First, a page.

"Please don't call it a 'mid-life crisis'," says Shane Bradley.
I had contacted him after hearing the high-energy entrepreneur was doing nothing.
Bradley confirmed he did decide to take a two-year time out when he hit 40, a couple of years back - and from which he's just emerging.
• Kiwi CEOs' 12% pay rise: What the country's top bosses earn
• How Air New Zealand boss Greg Foran has prepared for the hot seat
• Facebook's new normal: where will its growth come from?
• NZ smart shopping trolley startup Imagr raises $14m
But he stressed it was only from business. He kept himself busy by joining the Ironman circuit.
"I needed a focus." he said. "A lot of people buy sports cars. I do Ironman."
He also got to spend a lot of time with his young family and it was a time to take stock.
"I'd been working my absolute arse off for 22 years. I wanted to think about what I wanted to do with the next 22."
It was the first time he had taken any real time out in a frenetic career.
"I left school in the sixth form and spent a year and a half trying to be a pro cyclist," he says.
It didn't work out. That was the "peak Lance Armstrong era," Bradley says.
And he soon realised that if he was unwilling to drink the Kool Aid - and he wasn't - "I'd spend 10 years struggling at the back of the field."
So it was time for Plan B.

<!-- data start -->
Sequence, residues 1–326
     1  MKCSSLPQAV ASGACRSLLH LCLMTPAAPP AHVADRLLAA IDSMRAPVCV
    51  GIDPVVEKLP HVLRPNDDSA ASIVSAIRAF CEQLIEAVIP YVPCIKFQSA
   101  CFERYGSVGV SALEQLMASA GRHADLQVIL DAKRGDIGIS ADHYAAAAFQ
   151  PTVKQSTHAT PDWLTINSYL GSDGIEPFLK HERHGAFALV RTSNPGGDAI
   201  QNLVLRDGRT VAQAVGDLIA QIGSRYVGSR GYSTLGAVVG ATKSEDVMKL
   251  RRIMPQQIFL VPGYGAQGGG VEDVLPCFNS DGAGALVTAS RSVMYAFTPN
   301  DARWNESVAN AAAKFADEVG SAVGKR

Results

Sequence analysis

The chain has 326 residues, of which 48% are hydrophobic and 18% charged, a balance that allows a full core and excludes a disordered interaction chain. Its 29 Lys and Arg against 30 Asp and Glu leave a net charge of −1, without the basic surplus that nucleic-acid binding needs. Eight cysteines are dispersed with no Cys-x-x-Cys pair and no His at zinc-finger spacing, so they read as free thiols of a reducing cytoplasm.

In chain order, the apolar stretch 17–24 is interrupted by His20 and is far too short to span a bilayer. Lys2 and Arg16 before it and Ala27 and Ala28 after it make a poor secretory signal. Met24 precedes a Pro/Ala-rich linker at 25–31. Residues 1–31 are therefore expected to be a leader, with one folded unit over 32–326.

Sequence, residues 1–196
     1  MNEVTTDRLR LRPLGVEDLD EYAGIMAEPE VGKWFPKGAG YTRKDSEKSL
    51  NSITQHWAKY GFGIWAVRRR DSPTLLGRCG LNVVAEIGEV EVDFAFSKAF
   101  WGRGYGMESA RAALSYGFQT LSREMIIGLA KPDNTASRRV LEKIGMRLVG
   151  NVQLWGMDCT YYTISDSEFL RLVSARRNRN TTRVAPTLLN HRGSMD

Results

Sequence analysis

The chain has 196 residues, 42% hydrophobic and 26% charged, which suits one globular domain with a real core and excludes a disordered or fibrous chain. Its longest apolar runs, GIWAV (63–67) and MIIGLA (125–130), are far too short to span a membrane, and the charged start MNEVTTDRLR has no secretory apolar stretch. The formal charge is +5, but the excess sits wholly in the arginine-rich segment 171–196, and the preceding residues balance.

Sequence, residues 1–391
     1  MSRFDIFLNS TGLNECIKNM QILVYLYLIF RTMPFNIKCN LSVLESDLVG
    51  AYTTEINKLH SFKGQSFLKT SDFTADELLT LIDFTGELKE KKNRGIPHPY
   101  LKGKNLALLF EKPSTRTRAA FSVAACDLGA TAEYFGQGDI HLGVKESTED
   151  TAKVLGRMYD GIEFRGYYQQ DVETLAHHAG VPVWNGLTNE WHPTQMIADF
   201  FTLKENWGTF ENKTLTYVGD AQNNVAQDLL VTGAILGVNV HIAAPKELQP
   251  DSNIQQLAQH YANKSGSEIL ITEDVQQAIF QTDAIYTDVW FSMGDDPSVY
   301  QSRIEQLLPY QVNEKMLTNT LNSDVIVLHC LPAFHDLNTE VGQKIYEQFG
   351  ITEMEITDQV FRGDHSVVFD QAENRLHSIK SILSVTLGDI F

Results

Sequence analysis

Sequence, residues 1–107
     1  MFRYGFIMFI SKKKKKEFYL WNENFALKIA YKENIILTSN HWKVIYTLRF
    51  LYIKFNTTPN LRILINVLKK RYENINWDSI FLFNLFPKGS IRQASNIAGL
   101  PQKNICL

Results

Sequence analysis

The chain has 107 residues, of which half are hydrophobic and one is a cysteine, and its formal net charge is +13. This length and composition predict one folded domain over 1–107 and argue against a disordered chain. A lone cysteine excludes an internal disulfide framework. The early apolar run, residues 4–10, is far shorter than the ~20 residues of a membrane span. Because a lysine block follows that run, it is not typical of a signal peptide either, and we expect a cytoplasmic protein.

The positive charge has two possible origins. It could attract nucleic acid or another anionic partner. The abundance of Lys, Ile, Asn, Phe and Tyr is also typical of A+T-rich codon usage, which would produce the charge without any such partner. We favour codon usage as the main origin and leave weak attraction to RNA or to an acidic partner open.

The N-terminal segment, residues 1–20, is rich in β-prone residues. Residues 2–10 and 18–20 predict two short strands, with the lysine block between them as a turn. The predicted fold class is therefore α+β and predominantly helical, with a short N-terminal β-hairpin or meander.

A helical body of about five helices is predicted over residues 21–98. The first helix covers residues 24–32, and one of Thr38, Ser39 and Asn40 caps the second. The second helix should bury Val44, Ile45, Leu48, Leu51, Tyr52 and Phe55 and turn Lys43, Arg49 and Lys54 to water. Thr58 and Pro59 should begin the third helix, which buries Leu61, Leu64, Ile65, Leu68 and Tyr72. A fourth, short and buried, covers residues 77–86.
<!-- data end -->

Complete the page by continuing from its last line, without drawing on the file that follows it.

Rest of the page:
"I got into my first business and it was all 100-hour weeks," he says.
"I had a great business making aluminium windows and doors. I moved it to Auckland and within 18 months it had gone from 10 people to 50 people. But then it got hit by bad debts and it threw me to the wall in 2001."
At 22, he was broke - something he muses could have fed an insecurity that led to him selling his later startups too soon.
"I wouldn't say it scarred me, but it did give me a mindset of 'let's build up a business to certain value then lock it in with a sale," he says.
He then switched tack and launched business directory Finda, which shares various attributes in common with almost all his startups: it wasn't an original idea, but he was the first to bring it to New Zealand; it was bought by a major media company; and it's still around today.
He sold Finda to APN (a precursor company to NZME), who later flicked it on to Yellow.
As soon as he'd sold one business, he was already starting on another.
"It was bang-bang-bang," he said.
He founded TradeMe rival Sella in 2008, selling the free-listing site to APN four years later (where it became one of his few concepts to be quietly put to sleep).
By that time he was onto GrabOne - which enjoyed something of as a first-move advantage as the first local startup to ape the daily deal website pioneered in the US by GroupOn. He says it had 130 staff and $100 million revenue by the time APN - which earlier took a stake - bought him out in 2013.
Then came - to name but a few projects - Kegstar, a logistics company specialising in beer kegs; pet supplies site Pet.co.nz under his ShopHQ holding company, which was bought by The Warehouse Group (Pet ultimately went to Australia's Petsock); Riot Wine; and Neighbourly, a community site now part of Stuff.
So after taking some time out, what's Bradley's verdict on the first 22 years of his career?
He's proud of his small army of startups, but also wishes he'd taken the odd moment to catch his breath.
"One of the big pieces of advice I give I invest with and we do a sale these days is: just go and chill out for three months'."
He didn't, and in his hurly-burly haste he says he probably sold several of his companies too early, he says.